JERUSALEM,(Reuters) – Israeli Prime Minister Ehud Olmert has dropped the idea of freeing Palestinian prisoners as a gesture to President Mahmoud Abbas ahead of a Muslim holiday, Israeli political sources said on Friday.
Following his first formal meeting with Abbas on Dec. 23, Olmert had suggested such a release could happen as a way to strengthen Abbas and cement hopes of a revival in peacemaking even before militants in Gaza free a captured Israeli soldier.
But the sources said that Olmert did not have sufficient support in his cabinet for the move ahead of the holiday, which starts on Saturday, and had also faced criticism from the family of the soldier held in Gaza, Corporal Gilad Shalit. “It does not look as though there will be anything before Shalit is out,” said one political source.
An official in the prime minister’s office said no decision had been taken yet on when prisoners might be freed.
At this stage, there had been no expectation that a large number of the Palestinian prisoners held by Israel, estimated at up to 11,000, might be released. But even a symbolic release could help to shore up Abbas, a moderate. He is caught in a power struggle with the governing Hamas Islamist group, which trounced his Fatah movement in January elections. Abbas has said he wants new elections as a way to end a crippling Western embargo on Hamas.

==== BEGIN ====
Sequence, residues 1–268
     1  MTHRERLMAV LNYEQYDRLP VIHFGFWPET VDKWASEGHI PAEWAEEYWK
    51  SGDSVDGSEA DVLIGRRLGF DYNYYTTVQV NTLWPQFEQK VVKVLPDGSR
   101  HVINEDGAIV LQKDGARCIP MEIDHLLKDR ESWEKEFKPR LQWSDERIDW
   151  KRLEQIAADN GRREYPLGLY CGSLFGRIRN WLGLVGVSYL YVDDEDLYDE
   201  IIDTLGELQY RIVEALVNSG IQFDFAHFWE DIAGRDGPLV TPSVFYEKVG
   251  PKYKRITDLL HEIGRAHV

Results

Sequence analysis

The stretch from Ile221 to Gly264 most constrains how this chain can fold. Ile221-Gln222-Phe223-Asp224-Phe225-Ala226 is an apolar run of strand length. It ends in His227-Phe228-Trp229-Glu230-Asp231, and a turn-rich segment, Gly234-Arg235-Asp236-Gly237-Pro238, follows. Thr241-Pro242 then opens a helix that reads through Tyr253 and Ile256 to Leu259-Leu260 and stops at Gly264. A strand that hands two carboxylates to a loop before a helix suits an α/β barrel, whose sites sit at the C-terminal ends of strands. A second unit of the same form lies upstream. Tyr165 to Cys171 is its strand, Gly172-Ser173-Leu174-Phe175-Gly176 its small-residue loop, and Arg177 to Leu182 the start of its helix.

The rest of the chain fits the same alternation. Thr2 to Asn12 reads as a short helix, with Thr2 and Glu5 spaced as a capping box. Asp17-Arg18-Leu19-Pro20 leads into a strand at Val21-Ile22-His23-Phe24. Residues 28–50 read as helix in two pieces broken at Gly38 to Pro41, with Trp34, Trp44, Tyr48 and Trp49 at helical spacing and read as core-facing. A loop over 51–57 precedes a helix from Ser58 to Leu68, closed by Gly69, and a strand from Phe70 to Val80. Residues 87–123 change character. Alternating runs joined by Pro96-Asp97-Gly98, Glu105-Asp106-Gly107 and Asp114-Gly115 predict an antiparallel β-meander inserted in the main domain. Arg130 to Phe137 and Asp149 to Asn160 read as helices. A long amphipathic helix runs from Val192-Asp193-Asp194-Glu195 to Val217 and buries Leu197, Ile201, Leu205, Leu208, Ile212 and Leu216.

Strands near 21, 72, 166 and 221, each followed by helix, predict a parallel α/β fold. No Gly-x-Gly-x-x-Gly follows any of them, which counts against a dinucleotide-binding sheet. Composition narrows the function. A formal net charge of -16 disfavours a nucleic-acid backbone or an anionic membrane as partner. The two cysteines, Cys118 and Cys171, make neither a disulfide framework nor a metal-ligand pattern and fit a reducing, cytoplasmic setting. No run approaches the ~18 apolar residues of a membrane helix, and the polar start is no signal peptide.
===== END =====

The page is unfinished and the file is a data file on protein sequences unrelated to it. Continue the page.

“It’s very unfortunate that prisoners will not be released before the feast,” said Saeb Erekat, top Palestinian negotiator and a close aide of Abbas.
Erekat said Olmert had agreed at the summit to study the possibility of freeing prisoners before the Muslim holiday of Eid al-Adha, which runs from Saturday to Wednesday, but had not made a commitment to do so.
There is still no immediate sign of a deal for the release of Shalit, who was captured by Hamas’s armed wing and two other groups.
A Palestinian newspaper published a letter from Shalit’s mother and father on Friday. “We are looking forward to seeing you released soon,” they said, adding that they hoped the factions would allow him to read the letter. “The fact that we do not know anything about you is really hard.”
The summit between Olmert and Abbas, following a truce in the Gaza Strip, gave a rare boost to hopes of reviving peace moves. But the ceasefire itself faces a tough test, with Israel threatening to resume strikes on militants firing rockets after two teenagers were hurt in a rocket attack from Gaza.
At the summit, Olmert also agreed to release $100 million in frozen tax revenues to Abbas, bypassing the government, and to lift some checkpoints in the occupied West Bank.